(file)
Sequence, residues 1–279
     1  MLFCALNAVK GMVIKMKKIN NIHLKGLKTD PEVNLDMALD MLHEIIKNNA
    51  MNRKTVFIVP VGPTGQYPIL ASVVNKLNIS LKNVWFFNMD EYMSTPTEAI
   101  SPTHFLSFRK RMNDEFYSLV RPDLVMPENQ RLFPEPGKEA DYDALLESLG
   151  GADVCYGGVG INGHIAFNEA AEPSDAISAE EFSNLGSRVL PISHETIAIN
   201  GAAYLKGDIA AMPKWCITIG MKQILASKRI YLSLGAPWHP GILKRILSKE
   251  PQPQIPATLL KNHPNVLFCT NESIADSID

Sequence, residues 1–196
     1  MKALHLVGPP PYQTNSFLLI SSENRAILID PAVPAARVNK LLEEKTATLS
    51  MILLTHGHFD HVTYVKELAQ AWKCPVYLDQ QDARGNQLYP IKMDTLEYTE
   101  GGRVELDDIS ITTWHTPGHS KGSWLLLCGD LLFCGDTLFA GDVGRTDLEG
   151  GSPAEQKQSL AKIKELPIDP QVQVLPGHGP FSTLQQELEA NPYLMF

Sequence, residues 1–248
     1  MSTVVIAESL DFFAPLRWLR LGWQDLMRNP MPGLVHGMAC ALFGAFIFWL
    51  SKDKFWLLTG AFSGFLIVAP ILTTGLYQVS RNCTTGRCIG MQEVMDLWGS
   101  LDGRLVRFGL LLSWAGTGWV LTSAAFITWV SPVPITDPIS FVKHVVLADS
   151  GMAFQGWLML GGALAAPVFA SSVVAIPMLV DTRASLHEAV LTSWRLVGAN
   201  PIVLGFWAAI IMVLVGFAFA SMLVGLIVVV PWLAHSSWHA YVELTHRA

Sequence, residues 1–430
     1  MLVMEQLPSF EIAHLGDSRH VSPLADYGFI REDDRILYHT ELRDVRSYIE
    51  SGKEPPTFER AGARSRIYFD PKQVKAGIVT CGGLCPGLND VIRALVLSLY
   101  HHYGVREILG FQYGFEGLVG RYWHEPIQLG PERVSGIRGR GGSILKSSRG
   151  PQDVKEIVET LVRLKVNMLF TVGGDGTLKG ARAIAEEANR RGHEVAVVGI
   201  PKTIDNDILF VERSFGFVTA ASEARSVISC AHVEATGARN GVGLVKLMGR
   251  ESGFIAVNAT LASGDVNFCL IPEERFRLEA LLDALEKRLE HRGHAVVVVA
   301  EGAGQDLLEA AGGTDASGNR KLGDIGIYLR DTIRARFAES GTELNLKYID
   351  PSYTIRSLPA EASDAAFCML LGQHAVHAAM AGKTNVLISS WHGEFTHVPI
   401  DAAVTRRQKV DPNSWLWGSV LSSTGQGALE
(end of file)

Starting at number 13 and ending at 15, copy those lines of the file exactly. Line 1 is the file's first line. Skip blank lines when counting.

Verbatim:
Sequence, residues 1–248
     1  MSTVVIAESL DFFAPLRWLR LGWQDLMRNP MPGLVHGMAC ALFGAFIFWL
    51  SKDKFWLLTG AFSGFLIVAP ILTTGLYQVS RNCTTGRCIG MQEVMDLWGS